|Common name ||Neroli Bigarade Oil |
|Botanical name ||Citrus aurantium amara |
|Description ||Intense but light, dry, refreshing floral odour. |
|Main GC components ||Linalool (43%), limonene (11%), pinene, linalyl acetate (6%), geranyl and neryl acetate, trans-nerolidol, methyl anthranilate, farnesol |
|Plant parts used ||Flowers |
|Extraction method ||Steam distillation |
|Region of origin ||Europe |
In Aromatherapy, Neroli Oil is considered to be one of the most effective relaxant oils, a property which can be employed for use in both the nervous and digestive systems. This somewhat explains the traditional use for the oil and flowers from which it is derived. Traditionally and on the surface paradoxically, they were associated with both seduction and virginity. This is because both were used in wedding celebrations where the sweet intoxicating scent reputedly calmed nervous brides before the wedding night. It is also said that in the past ladies of the night used Neroli to lure their customers. Orange flower water (Neroli Hydrosol, which contains small amounts of Neroli oil) was also recommended for helping infantile colic and to assist with getting young children to sleep.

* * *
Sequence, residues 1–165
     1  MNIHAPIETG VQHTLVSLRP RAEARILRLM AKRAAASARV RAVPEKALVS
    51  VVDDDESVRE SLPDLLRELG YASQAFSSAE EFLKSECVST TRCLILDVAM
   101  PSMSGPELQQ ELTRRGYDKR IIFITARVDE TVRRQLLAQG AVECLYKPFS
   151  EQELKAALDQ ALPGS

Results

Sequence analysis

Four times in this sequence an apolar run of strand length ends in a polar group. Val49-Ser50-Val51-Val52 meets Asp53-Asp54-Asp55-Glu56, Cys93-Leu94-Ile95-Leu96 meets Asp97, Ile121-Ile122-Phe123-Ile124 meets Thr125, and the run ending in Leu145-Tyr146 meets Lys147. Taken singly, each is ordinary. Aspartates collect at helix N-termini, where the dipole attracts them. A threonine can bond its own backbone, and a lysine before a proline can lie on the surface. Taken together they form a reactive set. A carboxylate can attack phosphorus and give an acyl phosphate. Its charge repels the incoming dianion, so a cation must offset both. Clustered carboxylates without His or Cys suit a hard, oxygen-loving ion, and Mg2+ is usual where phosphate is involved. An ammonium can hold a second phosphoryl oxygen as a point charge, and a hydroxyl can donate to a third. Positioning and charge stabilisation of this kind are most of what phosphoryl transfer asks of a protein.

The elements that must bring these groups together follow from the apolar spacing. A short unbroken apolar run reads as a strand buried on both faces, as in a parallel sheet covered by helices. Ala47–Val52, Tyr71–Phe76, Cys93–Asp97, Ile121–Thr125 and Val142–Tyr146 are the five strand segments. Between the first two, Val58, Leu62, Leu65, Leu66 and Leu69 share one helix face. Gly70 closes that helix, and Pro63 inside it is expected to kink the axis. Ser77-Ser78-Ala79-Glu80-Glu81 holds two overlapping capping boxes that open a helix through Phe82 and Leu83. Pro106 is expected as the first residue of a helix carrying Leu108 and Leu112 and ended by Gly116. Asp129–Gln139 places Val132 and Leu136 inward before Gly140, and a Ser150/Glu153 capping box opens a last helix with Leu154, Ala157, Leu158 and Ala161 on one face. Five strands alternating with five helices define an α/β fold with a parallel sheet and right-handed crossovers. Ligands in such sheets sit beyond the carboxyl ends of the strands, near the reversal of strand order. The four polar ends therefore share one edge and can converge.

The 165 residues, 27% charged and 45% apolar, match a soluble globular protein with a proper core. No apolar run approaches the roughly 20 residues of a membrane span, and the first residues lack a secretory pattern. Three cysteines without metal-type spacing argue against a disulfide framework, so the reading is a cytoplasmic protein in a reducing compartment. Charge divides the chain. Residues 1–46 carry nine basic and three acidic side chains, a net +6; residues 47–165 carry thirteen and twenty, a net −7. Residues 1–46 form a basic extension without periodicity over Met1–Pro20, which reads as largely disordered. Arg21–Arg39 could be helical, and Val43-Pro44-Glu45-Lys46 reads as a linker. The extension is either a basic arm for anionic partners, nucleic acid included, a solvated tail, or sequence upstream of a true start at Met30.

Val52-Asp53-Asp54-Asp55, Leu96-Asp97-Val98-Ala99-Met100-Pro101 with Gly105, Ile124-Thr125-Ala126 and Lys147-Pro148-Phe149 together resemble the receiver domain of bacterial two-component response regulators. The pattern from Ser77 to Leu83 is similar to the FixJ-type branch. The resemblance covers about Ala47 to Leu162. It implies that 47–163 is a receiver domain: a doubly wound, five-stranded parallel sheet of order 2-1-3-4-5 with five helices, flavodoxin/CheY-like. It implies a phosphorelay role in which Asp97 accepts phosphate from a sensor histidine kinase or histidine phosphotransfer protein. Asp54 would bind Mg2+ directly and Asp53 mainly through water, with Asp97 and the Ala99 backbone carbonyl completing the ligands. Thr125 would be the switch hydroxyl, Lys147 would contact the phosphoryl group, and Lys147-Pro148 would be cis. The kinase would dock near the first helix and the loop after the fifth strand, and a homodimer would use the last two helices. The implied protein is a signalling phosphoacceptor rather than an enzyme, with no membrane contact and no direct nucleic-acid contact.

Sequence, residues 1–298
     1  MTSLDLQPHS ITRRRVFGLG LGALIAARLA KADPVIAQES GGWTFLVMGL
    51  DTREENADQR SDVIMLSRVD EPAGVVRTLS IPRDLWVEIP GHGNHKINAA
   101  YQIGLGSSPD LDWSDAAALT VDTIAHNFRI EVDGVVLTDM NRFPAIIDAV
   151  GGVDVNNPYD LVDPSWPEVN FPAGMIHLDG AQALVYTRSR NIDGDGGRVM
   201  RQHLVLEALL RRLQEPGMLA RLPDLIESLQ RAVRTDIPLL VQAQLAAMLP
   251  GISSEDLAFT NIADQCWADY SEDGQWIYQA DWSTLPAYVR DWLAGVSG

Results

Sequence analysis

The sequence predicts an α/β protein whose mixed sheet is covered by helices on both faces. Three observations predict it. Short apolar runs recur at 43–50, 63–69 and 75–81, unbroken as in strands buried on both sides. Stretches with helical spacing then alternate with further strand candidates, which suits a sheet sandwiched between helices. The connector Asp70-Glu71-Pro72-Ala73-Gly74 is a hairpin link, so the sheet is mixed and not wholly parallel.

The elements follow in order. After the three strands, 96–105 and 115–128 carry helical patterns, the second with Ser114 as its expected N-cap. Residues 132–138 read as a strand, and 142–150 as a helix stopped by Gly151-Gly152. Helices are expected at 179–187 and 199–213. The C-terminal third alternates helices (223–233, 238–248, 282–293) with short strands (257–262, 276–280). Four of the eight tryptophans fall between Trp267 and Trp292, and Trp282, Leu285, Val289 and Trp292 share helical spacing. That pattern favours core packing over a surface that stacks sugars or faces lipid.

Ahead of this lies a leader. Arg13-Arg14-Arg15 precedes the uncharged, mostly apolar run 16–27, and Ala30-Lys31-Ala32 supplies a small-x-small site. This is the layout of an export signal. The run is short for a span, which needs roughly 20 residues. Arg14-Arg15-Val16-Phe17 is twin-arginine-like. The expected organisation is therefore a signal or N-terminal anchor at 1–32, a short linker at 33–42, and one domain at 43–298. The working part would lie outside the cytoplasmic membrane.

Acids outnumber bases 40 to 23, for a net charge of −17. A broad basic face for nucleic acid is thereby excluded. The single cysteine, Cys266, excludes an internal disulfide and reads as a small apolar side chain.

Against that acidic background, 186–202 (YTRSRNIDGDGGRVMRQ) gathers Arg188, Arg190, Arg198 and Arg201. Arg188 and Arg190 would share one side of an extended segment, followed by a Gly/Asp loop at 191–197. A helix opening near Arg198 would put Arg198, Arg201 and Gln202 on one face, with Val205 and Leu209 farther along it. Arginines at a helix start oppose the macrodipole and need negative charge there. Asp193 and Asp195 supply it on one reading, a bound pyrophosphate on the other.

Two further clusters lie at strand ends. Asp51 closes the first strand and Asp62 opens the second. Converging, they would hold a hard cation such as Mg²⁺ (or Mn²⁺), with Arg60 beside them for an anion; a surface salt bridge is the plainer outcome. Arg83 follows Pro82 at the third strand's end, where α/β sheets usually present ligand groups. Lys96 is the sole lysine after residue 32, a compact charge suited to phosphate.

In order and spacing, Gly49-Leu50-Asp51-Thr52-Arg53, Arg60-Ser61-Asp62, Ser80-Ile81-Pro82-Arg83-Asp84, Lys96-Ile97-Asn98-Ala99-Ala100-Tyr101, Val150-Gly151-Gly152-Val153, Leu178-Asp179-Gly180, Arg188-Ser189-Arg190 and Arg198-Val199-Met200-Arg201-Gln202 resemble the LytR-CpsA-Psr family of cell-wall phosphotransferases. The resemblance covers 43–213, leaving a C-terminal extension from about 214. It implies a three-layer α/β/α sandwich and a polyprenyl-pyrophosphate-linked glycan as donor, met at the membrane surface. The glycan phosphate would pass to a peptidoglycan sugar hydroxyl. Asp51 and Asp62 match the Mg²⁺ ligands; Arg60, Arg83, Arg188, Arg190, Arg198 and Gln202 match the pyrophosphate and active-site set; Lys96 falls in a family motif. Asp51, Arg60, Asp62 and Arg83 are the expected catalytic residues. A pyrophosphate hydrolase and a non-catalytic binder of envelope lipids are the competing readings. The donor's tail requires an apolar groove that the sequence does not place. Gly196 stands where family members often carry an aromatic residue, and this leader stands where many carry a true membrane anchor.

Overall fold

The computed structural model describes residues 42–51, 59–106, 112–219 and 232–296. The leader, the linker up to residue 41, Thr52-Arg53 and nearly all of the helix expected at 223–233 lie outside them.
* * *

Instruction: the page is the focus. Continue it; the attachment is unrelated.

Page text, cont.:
Topically, Neroli is reportedly useful in reducing redness and irritation of the skin and is said to assist in the regeneration of new skin cells having a rejuvenating effect on the skin.
BLENDS WELL WITHGeranium
, Citrus oils, Sandalwood
SUGGESTED USESMassage oilBathInhalationSpritzerCompressSkin carePerfumePRODUCT SPECIFICATION SHEET
- Consultation with a suitably qualified practitioner is recommended prior to use
- For external use only.
- Do not apply to skin undiluted
- Not recommended for use during pregnancy
- Perform a patch test prior to use